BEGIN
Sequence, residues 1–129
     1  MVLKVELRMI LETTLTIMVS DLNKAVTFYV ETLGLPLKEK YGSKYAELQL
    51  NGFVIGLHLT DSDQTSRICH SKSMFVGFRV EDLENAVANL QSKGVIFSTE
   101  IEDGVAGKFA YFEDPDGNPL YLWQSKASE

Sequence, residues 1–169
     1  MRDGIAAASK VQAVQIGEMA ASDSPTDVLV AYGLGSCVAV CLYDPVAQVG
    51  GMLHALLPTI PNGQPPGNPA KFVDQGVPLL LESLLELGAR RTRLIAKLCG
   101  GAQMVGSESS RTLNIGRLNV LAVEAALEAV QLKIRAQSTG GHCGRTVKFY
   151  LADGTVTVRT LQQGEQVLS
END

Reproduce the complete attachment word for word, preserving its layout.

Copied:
Sequence, residues 1–129
     1  MVLKVELRMI LETTLTIMVS DLNKAVTFYV ETLGLPLKEK YGSKYAELQL
    51  NGFVIGLHLT DSDQTSRICH SKSMFVGFRV EDLENAVANL QSKGVIFSTE
   101  IEDGVAGKFA YFEDPDGNPL YLWQSKASE

Sequence, residues 1–169
     1  MRDGIAAASK VQAVQIGEMA ASDSPTDVLV AYGLGSCVAV CLYDPVAQVG
    51  GMLHALLPTI PNGQPPGNPA KFVDQGVPLL LESLLELGAR RTRLIAKLCG
   101  GAQMVGSESS RTLNIGRLNV LAVEAALEAV QLKIRAQSTG GHCGRTVKFY
   151  LADGTVTVRT LQQGEQVLS